Magic Mirror on the Wall, Will Virtual Fitting Rooms Happen After All?

retail tech

Everything old is new again — or at least can be — when market demand and advancing technology meet. Think about the QR code. Think about installment payments, aka BNPL.

Also, think about mirrors, specifically, mirrors with powers.

No, not the kind from a Brothers Grimm fairy tale. The virtual kind that shows what you would look like in this outfit or that. The tech has been around for ages in different forms, which didn’t stop Amazon from debuting its new digital fitting room concept on Thursday (Jan. 20).

There are no magic mirrors involved, as such, but Amazon’s innovation is close, allowing shoppers with the Amazon app to “send items to a fitting room, where they can use a touchscreen to browse more options, rate items, and request more sizes or styles that are delivered directly to their room within minutes,” the company said in a blog.

See also: Amazon Opening Fashion Store with Digital Fitting Rooms

Amazon didn’t first invent a virtual “smart” mirror — that’s often credited to Google engineer Max Braun — but it was Amazon’s former head of global fulfillment technology, Nadia Shouraboura, who had the tech vision and fashion sense to seek a better way to try on clothes.

Leaving Amazon, she opened what appeared at first glance to be a boutique for trendy jeans in suburban Seattle. Called Hointer, Shouraboura told Wired in a 2013 interview that “Hointer is a technology incubator. We are a software startup. Period.”

So, not a store, but plays one “in real life” (IRL). And that “IRL” component has always loomed large in plans to take the hassle of choosing items and trying them on virtually, getting shoppers into the perfect outfit and to the checkout quicker — and with larger basket sizes.

Wedged into this time period was the Nordstrom and eBay partnership on virtual fitting rooms.

As PYMNTS reported in December 2014, “since Black Friday, Nordstrom has been testing interactive mirrors that become smart screens at two store locations, one in Seattle and one in San Jose, California. There are specifications of the duration of the test program and whether it will expand to other Nordstrom department stores.” Visionary, but not meant to be.

Hointer didn’t last either, but Google was back in the magic mirror business — also briefly— at the 2017 annual NRF convention. In a blog, the NRF said “the trial of a connected in-suite mirror, allowing guests at London’s Sanderson Hotel to search products, video chat with a personal stylist and have items on their doorstep within an hour and a half” was worth a look.

“The Virtual Shopping mirror was installed in an executive loft suite in April. Powered by Google Hangouts, the mirror has two screens — one for a live video link-up with the stylist, and the other an advanced search engine,” NRF said.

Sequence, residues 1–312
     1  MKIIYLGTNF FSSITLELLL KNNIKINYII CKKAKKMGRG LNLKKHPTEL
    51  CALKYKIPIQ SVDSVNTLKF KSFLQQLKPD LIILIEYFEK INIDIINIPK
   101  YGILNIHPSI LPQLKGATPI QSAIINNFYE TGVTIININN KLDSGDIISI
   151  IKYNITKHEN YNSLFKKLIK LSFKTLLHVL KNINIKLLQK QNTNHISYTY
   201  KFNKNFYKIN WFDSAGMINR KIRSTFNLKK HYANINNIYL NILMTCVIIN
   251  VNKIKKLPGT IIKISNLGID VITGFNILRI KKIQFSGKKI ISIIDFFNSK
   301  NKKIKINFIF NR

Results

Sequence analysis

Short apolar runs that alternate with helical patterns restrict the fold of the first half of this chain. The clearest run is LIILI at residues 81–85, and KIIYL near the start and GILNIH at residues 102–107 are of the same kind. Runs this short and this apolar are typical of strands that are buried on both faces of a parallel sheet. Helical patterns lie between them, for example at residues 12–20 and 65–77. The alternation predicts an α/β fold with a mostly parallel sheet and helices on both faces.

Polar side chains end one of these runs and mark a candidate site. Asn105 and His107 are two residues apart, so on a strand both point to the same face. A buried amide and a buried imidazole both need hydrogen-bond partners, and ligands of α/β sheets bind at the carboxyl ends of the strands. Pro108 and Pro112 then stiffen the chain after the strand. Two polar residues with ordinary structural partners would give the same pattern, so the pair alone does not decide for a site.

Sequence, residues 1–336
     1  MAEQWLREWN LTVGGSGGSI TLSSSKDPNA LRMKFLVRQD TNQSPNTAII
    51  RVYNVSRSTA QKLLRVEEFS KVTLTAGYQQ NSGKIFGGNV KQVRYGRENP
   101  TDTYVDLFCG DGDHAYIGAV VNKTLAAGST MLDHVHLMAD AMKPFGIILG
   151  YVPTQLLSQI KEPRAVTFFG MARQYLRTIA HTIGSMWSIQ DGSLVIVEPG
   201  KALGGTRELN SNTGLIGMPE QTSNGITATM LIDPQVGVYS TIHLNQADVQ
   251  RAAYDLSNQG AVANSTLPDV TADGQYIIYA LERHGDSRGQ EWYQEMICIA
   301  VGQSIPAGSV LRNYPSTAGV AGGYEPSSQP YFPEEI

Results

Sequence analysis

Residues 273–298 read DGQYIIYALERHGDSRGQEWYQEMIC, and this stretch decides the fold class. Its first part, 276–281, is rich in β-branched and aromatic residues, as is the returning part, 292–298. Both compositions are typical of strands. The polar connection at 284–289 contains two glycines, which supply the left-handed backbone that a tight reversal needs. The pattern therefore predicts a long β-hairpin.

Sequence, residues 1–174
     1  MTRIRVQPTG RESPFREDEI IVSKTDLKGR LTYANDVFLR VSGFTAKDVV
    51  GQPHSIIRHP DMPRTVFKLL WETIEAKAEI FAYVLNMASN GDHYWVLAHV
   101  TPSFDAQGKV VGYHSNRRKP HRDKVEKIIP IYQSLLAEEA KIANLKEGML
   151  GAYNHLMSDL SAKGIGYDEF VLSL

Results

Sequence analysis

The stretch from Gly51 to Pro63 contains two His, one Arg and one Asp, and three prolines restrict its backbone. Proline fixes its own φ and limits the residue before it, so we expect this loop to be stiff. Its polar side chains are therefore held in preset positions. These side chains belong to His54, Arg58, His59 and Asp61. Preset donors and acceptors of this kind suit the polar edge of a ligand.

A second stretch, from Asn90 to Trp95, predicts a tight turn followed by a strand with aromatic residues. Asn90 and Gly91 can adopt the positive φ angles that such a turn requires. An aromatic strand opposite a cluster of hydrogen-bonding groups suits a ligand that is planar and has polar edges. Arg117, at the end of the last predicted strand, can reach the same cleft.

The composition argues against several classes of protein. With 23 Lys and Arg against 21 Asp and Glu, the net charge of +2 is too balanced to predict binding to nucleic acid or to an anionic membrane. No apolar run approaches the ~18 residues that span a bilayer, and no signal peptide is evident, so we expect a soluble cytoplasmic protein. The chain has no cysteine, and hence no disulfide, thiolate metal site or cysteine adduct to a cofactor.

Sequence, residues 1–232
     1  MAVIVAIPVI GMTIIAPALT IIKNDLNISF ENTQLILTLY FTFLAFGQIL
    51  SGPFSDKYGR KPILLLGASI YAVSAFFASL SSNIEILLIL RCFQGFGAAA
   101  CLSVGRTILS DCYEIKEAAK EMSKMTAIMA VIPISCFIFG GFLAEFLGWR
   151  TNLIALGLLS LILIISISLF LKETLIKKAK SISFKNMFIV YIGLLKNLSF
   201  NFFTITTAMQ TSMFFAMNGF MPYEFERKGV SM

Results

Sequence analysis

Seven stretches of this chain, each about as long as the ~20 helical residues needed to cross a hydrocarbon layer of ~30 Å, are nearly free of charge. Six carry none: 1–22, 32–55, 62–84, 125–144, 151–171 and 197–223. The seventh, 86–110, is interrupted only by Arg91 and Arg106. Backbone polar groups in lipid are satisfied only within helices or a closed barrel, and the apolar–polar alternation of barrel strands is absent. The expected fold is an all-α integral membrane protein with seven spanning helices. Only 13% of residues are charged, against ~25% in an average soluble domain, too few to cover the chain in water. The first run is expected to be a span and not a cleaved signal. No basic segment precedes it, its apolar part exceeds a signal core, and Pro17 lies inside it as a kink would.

First soundings about Amazon, smart mirrors and virtual fittings track back to 2018. That January, Geekwire reported on a “magic mirror” concept that “would be a step up from Amazon’s Echo Look camera, which is currently being marketed on an invitation-only basis as a fashion ‘style assistant’” and adding, “It’s not clear how close the blended-reality mirror is to becoming a reality, or if it’ll actually be manufactured as a physical object.”

That brings us to Thursday (Jan. 20) and Amazon’s plans to open virtual fitting rooms later this year at Los Angeles’ Americana at Brand shopping, dining and entertainment complex.

Called Amazon Style, the tech “is built around personalization. Our machine learning algorithms produce tailored, real-time recommendations for each customer as they shop. As customers browse the store and scan items that catch their eye, we’ll recommend picks just for them. For an even more tailored experience, customers can share information like their style, fit, and other preferences to receive more refined recommendations,” Amazon said.

PYMNTS data finds that Amazon’s share of the apparel market is hovering around 13%, however, as we reported in Q3 2021, “the eCommerce titan accounts for 48% of all clothing and apparel sales made online, up nearly 8% year over year despite competitors’ efforts to bolster their digital operations.”

It’s no hall of mirrors illusion. Amazon is making its move to digitize the in-store apparel shopping experience. Should it blossom, and should Amazon decide to license the tech as it’s done before, millions will soon be asking magic mirrors which top looks good with what skirt.

See also: Amazon, Walmart See Sliding Shares of Apparel as Style Returns to the Forefront